Modern cars in today's digital age are mostly equipped with a complete computer running an IVI system (in-vehicle infotainment). Driven by the demand for more “connected vehicles”, in-car entertainment is getting more and more sophisticated.
Each individual automaker tends to develop its own IVI system—Ford with SYNC, Toyota with Entune, Nissan with NissanConnect. I shouldn't forget to mention Android Auto and CarPlay from the big silicon players, Apple and Google, which were developed initially to serve their main market of smartphone users.
Range Rover Evoque Autobiography IVI System. Image courtesy of Land Rover MENA [CC BY 2.0]
But just imagine if each brand of today’s computers had a different OS developed by the manufacturer from the ground up. Imagine how terrible developing a new application would be! It would be a "reinventing the wheel" approach for both the software developers and manufacturers.
Unfortunately, that’s almost a reality now in software development industry for cars.
However, the Linux Foundation is trying to step into this madness. Enter the Automotive Grade Linux (AGL) project.
The Automotive Grade Linux (AGL) Project
At last year's Embedded Linux Conference, Dan Cauchy, AGL's executive director, said referred to the IVI market as an “over-segmented and lacking-of-standardization industry”. AGL could help remedy that situation.
AGL is a Linux foundation open collaborative project aiming to build a standardized platform and applications framework for the entire industry and for all functions in a car.
The idea is that the kernel, the middleware, and the app framework will all be common and shared among all manufacturers and suppliers. They’re trying to develop 80% of the starting point for a production project, leaving the remaining 20% to be customized according to each maker needs.
AGL has major OEMs involved in the project: Ford, Honda, Jaguar, Mazda, Mitsubishi, Nissan, Subaru, Toyota, Mercedes-Benz, Suzuki, and others.
Important to note for designers is that AGL's Unified Code Base (UCB) distribution can be built for QEMU, the Raspberry Pi 2 & 3, the Intel Minnowboard, the NXP i.MX6x Wandboard, the TI Jacinto 6 Vayu board, and the Renesas R-Car Starter Kit Gen3. AGL distribution is released twice a year with long-term support (+2 years) and the source code for the AGL distribution is available on their wiki. Moreover, AGL has a robust developer site.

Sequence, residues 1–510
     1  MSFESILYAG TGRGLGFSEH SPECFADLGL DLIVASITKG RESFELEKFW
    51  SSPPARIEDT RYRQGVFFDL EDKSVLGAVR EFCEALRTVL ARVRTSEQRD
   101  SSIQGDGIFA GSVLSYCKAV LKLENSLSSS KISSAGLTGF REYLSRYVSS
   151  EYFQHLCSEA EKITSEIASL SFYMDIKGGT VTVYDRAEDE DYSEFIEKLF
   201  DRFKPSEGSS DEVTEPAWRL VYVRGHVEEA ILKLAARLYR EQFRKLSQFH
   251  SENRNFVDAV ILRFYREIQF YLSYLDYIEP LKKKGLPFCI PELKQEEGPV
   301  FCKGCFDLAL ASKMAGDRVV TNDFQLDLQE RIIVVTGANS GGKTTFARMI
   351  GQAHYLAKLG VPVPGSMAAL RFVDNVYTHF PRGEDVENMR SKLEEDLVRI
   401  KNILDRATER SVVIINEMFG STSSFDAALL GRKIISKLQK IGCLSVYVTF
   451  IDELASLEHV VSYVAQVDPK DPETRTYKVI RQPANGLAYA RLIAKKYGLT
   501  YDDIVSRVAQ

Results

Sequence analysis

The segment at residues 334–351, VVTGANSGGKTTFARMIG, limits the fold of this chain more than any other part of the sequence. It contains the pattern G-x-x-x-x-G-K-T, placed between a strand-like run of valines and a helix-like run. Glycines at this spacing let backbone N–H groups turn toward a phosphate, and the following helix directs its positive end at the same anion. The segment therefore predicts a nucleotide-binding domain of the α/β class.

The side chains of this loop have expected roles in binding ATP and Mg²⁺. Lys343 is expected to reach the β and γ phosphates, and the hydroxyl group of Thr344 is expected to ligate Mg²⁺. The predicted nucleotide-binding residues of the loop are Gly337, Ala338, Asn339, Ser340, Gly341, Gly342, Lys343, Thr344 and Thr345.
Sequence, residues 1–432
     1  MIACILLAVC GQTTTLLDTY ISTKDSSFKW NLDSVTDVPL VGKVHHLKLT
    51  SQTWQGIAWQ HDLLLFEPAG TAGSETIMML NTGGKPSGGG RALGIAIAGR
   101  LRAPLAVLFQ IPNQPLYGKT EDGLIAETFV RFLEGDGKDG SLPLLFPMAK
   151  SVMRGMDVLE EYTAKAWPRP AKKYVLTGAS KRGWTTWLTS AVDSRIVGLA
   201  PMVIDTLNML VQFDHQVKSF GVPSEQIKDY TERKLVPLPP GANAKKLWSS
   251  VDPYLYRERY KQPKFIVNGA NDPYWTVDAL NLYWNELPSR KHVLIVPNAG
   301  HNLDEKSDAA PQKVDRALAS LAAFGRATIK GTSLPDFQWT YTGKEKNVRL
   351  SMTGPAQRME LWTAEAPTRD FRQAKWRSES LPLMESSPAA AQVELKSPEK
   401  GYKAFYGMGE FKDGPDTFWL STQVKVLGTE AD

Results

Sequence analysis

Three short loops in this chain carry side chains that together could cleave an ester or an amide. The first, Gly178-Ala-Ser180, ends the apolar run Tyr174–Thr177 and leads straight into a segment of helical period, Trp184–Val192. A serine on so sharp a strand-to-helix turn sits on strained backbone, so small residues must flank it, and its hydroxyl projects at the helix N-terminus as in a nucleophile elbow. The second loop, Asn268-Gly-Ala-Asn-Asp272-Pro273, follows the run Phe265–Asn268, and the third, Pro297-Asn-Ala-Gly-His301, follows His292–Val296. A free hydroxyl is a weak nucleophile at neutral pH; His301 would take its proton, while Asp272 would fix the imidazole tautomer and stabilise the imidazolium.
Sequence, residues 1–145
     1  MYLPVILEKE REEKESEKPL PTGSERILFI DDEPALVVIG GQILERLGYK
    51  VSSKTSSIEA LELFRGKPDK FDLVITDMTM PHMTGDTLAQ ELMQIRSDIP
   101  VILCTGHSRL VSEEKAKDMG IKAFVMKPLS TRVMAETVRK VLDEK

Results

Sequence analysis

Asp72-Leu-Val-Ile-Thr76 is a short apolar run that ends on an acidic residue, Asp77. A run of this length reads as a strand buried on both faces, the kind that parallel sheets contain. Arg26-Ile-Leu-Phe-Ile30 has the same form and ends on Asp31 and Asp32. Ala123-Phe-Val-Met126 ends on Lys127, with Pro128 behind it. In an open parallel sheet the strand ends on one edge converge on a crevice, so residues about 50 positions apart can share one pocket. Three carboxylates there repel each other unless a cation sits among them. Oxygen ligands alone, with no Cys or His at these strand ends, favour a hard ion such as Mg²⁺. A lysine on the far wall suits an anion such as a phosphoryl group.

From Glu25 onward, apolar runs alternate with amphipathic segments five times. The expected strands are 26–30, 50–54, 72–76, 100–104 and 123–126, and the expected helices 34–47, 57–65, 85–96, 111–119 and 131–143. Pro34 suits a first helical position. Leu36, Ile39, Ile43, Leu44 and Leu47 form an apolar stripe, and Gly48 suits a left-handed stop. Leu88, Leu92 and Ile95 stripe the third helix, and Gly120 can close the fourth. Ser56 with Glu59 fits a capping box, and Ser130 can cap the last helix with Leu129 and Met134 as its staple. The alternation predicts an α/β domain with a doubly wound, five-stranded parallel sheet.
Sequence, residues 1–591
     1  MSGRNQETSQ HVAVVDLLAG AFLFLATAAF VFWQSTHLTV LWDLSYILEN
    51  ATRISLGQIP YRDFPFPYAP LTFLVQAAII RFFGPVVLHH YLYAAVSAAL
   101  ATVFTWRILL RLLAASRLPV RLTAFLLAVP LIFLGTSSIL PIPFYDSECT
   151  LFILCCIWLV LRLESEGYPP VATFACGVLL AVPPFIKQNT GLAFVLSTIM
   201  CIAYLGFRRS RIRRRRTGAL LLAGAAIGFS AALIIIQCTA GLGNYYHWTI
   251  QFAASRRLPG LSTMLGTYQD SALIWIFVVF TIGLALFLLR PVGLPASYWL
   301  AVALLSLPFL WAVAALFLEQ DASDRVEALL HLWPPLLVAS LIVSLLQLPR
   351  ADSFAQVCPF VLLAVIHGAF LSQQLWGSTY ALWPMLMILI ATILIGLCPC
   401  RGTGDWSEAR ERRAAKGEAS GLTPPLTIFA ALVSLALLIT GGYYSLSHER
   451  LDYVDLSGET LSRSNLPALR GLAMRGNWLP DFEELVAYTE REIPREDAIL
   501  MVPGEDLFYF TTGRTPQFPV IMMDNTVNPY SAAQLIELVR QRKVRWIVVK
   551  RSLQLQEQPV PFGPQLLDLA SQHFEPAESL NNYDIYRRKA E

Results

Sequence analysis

AGL vs. GENIVI
So why is this important? Is it like the common view of using Linux to save money?
AGL has said they want to make rapid innovation using a standardized open operating system and application framework that are not under the control of any one company but developed collaboratively between many companies. Moreover, unlike most projects that target IVI systems, the AGL roadmap includes every function in the car like IVI, instrument clusters, telematics, Advanced Driver Assistance Systems (ADAS), control systems, and more. Their current focus, however, is on IVI.
AGL is not the first attempt at such software unification. GENIVI is an open source project for automotive that produces automotive software components, standard APIs, and a development platform for IVI and connected vehicle solutions. Dan Cauchy, at the same conference referenced above, said that GENIVI has a different approach than AGL’s. GENIVI has a particular set of specifications and any company can comply, even with a different kernel or any other software module. AGL, on the other hand, has a unified and customizable platform among all suppliers and manufacturers.
For more information, check out this GENIVI Alliance Reference Architecture (PDF) document.
The AGL System. Image courtesy of AGL
Looking Towards the Future
Recently, Toyota, the world’s largest automaker, announced adapting Automotive Grade Linux in its digital strategy. Here, a lot of questions should be asked about the future of automotive software.
For starters, will AGL or other projects like Android Auto dominate this industry in the coming years?
Will Google bring Android platform to cars via the Open Automotive Alliance (OAA) with +50 automaker partners and repeat the success of Open Handset Alliance in bringing Android to smartphones industry?
What will that mean for designers? What will that mean for consumers?
To learn more about AGL, watch their presentation at January's Embedded Linux Conference below or view the slides.